LAGOS (Reuters) - Nigeria’s anti-corruption agency filed charges against former U.S. vice president Dick Cheney and the head of oil services giant Halliburton Co on Tuesday over an alleged scheme to bribe Nigerian officials.
The Economic and Financial Crimes Commission (EFCC) said it had filed 16-count charges at a federal high court in Abuja against Cheney, Halliburton Chief Executive David Lesar and two other executives, in a case dating back to the mid-1990s.
It also filed charges against Halliburton as a company, which was headed by Cheney during the 1990s, and four associated businesses. Cheney was U.S. vice president from 2001 to 2009.
“Charges have been filed against Dick Cheney and eight others (individual and entities),” EFCC spokesman Femi Babafemi said.
Houston-based engineering firm KBR, a former Halliburton unit, pleaded guilty last year to U.S. charges that it paid $180 million (114 million pounds) in bribes between 1994 and 2004 to Nigerian officials to secure $6 billion in contracts for the Bonny Island liquefied natural gas (LNG) project in the Niger Delta.
KBR and Halliburton reached a $579 million settlement in the United States. But Nigeria, France and Switzerland have conducted their own investigations into the case.
Halliburton, which sold KBR in 2007, said it had not seen the charges but repeated that its current operations in Nigeria — raided by the EFCC last month — are not involved.
“It is still our position that Halliburton was not involved in the project to which this bribery investigation relates and there is no legal basis for charges against Halliburton in relation to that project,” spokeswoman Tara Mullee said.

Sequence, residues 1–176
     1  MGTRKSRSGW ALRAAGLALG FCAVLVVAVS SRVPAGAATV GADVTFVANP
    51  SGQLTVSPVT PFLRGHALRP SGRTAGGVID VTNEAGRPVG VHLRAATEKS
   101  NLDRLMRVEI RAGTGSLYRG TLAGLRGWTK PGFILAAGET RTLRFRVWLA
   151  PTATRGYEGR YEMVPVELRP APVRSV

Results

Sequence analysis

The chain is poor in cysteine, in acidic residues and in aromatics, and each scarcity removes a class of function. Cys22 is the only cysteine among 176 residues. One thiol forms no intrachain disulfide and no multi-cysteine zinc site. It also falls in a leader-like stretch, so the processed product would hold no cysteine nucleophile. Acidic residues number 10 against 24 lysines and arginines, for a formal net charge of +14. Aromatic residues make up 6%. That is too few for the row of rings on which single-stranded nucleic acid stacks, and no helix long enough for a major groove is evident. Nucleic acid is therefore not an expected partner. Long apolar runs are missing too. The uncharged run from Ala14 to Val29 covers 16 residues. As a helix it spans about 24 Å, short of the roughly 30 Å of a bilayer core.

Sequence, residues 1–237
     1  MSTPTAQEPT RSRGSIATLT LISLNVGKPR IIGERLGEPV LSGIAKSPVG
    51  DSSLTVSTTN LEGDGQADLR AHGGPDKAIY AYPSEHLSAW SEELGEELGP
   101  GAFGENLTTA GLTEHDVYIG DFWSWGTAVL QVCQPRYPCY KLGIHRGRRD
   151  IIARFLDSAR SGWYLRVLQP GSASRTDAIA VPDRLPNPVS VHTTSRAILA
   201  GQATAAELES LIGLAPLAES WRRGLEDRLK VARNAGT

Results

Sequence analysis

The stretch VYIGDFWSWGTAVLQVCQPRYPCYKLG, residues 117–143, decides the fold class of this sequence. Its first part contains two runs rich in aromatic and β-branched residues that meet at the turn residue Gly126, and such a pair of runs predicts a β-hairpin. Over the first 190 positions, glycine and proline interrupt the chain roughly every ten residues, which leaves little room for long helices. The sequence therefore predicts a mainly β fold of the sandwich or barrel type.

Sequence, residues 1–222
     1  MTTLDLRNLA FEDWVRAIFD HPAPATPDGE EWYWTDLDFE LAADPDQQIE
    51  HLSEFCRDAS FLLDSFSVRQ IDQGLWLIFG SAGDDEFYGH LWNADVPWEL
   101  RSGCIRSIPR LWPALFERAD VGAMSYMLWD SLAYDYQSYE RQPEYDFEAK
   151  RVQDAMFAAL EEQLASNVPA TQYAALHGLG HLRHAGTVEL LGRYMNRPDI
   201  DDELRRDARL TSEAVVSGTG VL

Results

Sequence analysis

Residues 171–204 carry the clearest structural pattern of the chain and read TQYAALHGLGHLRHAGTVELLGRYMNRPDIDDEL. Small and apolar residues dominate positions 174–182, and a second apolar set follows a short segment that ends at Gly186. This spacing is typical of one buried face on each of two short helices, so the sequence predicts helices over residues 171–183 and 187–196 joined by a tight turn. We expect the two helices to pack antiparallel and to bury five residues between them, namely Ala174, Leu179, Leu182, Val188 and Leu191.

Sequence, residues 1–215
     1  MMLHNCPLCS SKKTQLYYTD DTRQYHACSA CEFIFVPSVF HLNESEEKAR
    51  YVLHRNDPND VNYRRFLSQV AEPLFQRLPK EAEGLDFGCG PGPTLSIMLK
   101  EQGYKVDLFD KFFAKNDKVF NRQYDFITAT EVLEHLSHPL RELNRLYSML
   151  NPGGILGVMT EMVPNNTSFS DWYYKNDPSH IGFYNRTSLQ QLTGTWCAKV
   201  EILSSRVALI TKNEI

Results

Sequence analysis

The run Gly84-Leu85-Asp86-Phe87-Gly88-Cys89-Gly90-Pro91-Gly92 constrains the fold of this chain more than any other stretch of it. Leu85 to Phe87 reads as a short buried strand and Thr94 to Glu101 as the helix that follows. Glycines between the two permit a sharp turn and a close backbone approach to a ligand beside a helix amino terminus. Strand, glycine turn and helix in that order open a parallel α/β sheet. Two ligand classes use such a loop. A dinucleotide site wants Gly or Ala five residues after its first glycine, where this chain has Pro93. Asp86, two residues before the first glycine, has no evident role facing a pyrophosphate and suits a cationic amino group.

Those charged in Nigeria include KBR Chief Executive Officer William Utt and former KBR CEO Albert “Jack” Stanley, who worked under Cheney when he headed Halliburton and pleaded guilty in 2008 to U.S. charges related to the case.
Reading from the charge sheet, Babafemi said the executives were accused of conspiring to make a $132 million payment “for the purpose of the gratification of public officials”.
In a statement, KBR said Utt had only joined the firm in February 2006, after the alleged offences took place, and that the rest of its executive team was appointed thereafter.
“The actions of the Nigerian government suggest that its officials are wildly and wrongly asserting blame in this matter,” KBR said, adding it would “vigorously defend itself”.
Halliburton said last year it had “reason to believe” payments may have been made to Nigerian officials by agents of its TSKJ consortium, which built the Bonny Island facility.
As well as KBR, the TSKJ consortium included France’s Technip SA, Italy’s Snamprogetti — a unit of Italian oilfield services company Saipem, whose parent company is Eni — and Japan’s JGC Corp.
Among the entities named in the Nigerian charge sheet alongside Halliburton and KBR are Halliburton’s Nigerian unit, the TSKJ consortium and TSKJ Nigeria, Babafemi said.
“I don’t imagine someone would pull out a sell recommendation on Halliburton over this, especially since this goes back a number of years,” said Mike Breard, energy analyst at Hodges Capital Management in Dallas, Texas.
“It’s a huge company and it’s not going to have that much impact on them if they have to pay some kind of court costs or a fine,” he told Reuters.
Some analysts have suggested the sudden revival of interest in the Halliburton case is linked to Nigerian politics.
Nigeria will hold a presidential election in April. Incumbent Goodluck Jonathan faces a challenge for the ruling party nomination from former vice president Atiku Abubakar, who was in office between 1999 and 2007.
Abubakar’s opponents have in the past tried to link him to the case, allegations he has dismissed as a smear campaign.
He was quoted in September as saying there was no evidence against him and that nobody in the United States or elsewhere had sought to question him on the matter.
Additional reporting by Anna Driver in Houston and Ed Stoddard in Dallas; editing by Mark Heinrich